-- By Jackie Campbell, Communications Director--
PITTSBURGH, PA -- There was a visible police presence and a packed sanctuary at Christ United Methodist Church in suburban Bethel Park on Oct. 28 for Tolerance is Not Enough, an afternoon forum featuring a keynote address by an Ohio rabbi who spent years promoting interfaith understanding. Scheduled a few months ago, the relevance and urgency of the forum’s message was underscored when an armed man entered a synagogue in Pittsburgh on Oct. 27, killing 11 and wounding six others, including four responding police officers.
“Words are difficult, but not impossible (after the synagogue massacre),” said Rabbi Abie Ingber, a life-long advocate for immigrant and refugee rights who founded and recently retired as executive director of the Center for Interfaith Community Engagement at Xavier University in Cincinnati. “Up until yesterday, I believed that in the seven days of creation, humans were the pinnacle. Maybe we are not the pinnacle of God’s creation. We were the last things created...but...we have to get our priorities right.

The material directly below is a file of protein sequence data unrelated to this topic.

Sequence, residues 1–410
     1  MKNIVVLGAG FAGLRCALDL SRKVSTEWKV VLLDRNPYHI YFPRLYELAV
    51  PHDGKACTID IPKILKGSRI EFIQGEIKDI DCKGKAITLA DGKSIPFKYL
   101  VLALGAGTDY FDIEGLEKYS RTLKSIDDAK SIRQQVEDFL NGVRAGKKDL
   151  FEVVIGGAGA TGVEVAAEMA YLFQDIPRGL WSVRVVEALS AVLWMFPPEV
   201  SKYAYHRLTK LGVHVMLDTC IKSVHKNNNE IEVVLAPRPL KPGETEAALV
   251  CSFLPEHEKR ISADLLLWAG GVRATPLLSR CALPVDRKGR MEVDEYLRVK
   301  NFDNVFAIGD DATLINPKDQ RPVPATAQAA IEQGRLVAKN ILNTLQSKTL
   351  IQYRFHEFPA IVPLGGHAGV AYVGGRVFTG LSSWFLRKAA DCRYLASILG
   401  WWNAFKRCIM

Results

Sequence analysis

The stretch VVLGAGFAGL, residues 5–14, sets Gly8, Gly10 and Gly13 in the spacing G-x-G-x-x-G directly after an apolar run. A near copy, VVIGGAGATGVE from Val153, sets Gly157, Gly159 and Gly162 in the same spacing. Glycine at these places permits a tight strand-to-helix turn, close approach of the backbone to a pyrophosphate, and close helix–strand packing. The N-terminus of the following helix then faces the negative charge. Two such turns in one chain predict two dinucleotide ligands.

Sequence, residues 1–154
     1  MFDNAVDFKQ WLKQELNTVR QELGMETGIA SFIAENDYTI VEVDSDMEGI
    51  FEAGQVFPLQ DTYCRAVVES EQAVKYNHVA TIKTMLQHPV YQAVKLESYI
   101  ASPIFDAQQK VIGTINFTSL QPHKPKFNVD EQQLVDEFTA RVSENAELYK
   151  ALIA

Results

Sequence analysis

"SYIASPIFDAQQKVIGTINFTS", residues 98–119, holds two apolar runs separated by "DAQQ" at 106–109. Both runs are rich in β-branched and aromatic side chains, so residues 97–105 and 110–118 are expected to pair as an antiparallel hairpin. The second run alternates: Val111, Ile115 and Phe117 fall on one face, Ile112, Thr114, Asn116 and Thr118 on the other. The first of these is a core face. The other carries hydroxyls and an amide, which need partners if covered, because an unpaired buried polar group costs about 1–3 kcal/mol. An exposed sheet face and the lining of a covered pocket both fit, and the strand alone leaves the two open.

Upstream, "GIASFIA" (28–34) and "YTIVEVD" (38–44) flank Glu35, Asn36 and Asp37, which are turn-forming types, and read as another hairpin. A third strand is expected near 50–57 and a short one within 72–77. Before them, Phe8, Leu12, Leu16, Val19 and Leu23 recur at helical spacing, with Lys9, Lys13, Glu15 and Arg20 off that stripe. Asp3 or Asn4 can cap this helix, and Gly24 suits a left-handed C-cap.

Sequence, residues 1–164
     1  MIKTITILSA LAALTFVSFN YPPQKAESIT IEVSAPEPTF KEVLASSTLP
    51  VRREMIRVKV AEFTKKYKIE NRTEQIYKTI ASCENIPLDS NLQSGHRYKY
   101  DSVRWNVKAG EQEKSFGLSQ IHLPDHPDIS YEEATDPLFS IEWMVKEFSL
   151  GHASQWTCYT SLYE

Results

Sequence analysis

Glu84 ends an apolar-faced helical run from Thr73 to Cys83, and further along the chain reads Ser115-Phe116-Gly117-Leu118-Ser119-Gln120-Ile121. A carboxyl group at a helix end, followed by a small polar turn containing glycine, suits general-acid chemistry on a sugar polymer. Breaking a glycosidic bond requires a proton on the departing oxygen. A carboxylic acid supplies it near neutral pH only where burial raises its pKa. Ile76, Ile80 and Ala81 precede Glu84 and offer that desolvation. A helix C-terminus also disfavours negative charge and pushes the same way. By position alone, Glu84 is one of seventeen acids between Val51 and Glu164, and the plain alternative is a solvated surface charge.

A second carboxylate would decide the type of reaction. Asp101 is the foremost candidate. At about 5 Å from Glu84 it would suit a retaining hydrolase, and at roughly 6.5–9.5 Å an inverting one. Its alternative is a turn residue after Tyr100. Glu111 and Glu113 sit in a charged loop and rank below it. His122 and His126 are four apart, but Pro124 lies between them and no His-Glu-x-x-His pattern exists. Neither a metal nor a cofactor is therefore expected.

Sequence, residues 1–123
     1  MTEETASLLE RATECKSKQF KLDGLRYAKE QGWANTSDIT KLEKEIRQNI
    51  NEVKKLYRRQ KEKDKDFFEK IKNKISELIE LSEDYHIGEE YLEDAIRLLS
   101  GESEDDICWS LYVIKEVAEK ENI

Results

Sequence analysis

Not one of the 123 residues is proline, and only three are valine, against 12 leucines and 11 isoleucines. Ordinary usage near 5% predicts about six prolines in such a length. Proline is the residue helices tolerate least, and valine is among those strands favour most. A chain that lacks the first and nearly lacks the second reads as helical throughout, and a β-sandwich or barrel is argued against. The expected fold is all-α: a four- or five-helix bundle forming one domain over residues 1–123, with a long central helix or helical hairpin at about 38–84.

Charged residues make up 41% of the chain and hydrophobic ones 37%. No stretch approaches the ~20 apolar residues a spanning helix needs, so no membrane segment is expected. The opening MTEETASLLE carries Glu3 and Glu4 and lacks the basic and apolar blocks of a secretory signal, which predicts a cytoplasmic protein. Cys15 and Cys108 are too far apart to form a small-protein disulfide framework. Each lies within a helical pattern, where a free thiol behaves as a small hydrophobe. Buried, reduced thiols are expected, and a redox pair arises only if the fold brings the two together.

“We must build effective utilitarian bridges. In a diverse world, we aspired to tolerance. That was it!” he said. “But another human being...created in the image of God, we should just tolerate? Does that really work when you believe that every person is created in the image of God and is a child of God? We must celebrate them! The road to tolerance is the road to failure!”
Instead, the Rabbi said, “Our world needs each one of us to welcome and love each other unconditionally...there can be no exceptions!”
The son of Holocaust survivors, Rabbi Ingber said he comes from a world where love triumphs over hatred. His mother’s entire family was killed and she was one of the last survivors of her Polish town. She was miraculously helped in her escape from Nazis and sheltered by a series of “six righteous Christians.” She met his father in a displaced persons camp. Eventually they settled in Canada.
“It would have been easy to raise me with hatred, but that would not have been my parents way,” the Rabbi said.
“If I had two hearts, I could love with one and hate with the other -- but God gave me one heart and I choose to use it for love,” he declared.
To help heal our communities and bring justice and peace to the world, he said, we must: